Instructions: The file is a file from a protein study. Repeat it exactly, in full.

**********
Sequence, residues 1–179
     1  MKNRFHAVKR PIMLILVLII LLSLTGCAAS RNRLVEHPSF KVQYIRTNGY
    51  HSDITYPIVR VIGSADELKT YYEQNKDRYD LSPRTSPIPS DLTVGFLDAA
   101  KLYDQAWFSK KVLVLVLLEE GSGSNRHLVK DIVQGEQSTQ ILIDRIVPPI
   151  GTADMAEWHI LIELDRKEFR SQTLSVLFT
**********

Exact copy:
Sequence, residues 1–179
     1  MKNRFHAVKR PIMLILVLII LLSLTGCAAS RNRLVEHPSF KVQYIRTNGY
    51  HSDITYPIVR VIGSADELKT YYEQNKDRYD LSPRTSPIPS DLTVGFLDAA
   101  KLYDQAWFSK KVLVLVLLEE GSGSNRHLVK DIVQGEQSTQ ILIDRIVPPI
   151  GTADMAEWHI LIELDRKEFR SQTLSVLFT